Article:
The mystique of Tahiti as a tropical island paradise began when the first European visitors returned to their countries with reports of a gentle climate, friendly natives, abundant food and uninhibited love under swaying palms. Bougainville, Cook, the Bounty mutineers and even the missionaries helped perpetuate this image.
Poets, painters, writers, whalers, traders, beachcombers, drifters, sailors, voyagers, explorers, filmmakers and South Seas characters spread the fame of Tahiti far and wide. The legend of Tahiti as a sublime paradise has sustained people’s dreams for more than 200 years. The Maohi ancestors of today's Polynesians were well-established in Tahiti and all the neighboring islands. The Marquesan island of Ua Huka contains an archaeological site dating from 300 A.D. Research reveals evidence of man's presence in Huahine as early as 850 A.D. Historians believe the Polynesians may have originated in Indonesia and spread eastward in two great waves as a result of population pressures.
Although the origin of the Polynesian people is still being debated, they believed themselves to be direct descendants of the Sky-father and the Earth-mother. Tahitian oral history tells of Ta'aroa, a benevolent god who created an entire retinue of gods and demi-gods, who were in constant communication with man.
Long before Captain Samuel Wallis sailed into Tahiti's Matavai Bay in 1767 and claimed the island for the King of England, Tahiti was settled by a dynasty of Maohi kings, the Hui Arii. Polynesian society was in full swing in Tahiti when nomadic tribes were still wandering and fighting throughout Europe. In addition to the colorful myths and legends of gods and heroes, the Tahitians had a well-developed hierarchy of social and religious chiefs, well-defined customs, a complicated code of court etiquette, sophisticated dances and drama and high standards of craftsmanship.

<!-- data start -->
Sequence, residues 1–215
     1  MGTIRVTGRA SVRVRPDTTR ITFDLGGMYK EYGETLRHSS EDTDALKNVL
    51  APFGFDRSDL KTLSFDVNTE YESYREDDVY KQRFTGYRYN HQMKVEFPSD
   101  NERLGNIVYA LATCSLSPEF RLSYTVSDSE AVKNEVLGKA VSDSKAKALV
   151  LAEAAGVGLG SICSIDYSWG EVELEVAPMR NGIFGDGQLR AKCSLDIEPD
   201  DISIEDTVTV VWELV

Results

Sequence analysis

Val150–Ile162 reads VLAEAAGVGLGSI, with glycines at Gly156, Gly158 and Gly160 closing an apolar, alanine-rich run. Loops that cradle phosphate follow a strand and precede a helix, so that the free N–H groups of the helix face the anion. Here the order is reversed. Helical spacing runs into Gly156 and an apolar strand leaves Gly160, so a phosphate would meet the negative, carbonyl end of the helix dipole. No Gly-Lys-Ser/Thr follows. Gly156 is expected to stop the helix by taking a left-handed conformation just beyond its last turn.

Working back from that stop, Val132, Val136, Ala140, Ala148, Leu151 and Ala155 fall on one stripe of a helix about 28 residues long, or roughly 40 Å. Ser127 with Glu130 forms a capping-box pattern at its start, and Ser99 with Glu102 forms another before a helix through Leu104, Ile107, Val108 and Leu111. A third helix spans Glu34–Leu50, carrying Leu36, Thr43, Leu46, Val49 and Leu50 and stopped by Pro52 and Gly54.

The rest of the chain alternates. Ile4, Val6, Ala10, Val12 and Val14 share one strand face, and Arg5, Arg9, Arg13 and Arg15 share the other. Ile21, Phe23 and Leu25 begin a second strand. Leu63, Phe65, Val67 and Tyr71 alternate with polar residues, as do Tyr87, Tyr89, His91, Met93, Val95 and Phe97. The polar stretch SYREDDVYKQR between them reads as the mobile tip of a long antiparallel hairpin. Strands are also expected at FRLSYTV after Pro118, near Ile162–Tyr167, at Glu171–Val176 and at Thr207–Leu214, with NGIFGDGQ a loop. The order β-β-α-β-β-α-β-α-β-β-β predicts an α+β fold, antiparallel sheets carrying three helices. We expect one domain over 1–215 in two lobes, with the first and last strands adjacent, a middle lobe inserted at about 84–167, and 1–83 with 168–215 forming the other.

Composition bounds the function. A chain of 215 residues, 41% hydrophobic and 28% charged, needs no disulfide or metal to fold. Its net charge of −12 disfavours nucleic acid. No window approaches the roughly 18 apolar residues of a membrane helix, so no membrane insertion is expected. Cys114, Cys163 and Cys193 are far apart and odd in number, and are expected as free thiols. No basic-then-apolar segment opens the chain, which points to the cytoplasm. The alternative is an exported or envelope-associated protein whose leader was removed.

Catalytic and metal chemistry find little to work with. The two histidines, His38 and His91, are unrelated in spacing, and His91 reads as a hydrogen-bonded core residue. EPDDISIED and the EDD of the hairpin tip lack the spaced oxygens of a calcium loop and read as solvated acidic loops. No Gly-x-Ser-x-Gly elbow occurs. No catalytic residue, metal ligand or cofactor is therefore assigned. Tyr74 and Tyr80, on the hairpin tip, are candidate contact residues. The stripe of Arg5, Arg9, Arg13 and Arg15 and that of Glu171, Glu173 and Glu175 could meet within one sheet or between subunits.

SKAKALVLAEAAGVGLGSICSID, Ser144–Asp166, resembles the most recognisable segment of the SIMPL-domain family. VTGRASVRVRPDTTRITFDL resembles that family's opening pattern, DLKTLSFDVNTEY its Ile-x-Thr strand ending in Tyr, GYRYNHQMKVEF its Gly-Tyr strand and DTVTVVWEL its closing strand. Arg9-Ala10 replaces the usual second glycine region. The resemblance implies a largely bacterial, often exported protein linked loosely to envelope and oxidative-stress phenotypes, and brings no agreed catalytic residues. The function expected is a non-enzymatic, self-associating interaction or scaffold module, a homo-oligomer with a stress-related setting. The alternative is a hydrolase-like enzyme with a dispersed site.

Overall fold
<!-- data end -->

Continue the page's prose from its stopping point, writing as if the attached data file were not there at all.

In this age of jet travel, the possibility of escaping to the romantic South Seas is a reality for voyagers from many countries. Tahiti still has the same qualities that enchanted Melville, Darwin, Zane Grey, Somerset Maugham, Nordhoff and Hall. Tahiti is a place of romance, legend and magic. Visitors can enjoy landscapes unchanged since the voyage of the great navigators; beaches and turquoise waters as beautiful as Robert Louis Stevenson observed from his yacht; welcoming faces and colors as vivid as Paul Gauguin painted them. With such exquisite beauty, even the most taciturn of visitors agree that Tahiti is as much a state of mind as it is a romantic paradise. The scenery, the flowers, the laughter and the fun of Tahiti still thrive. These, and the Polynesians themselves, are Tahiti's legendary assets.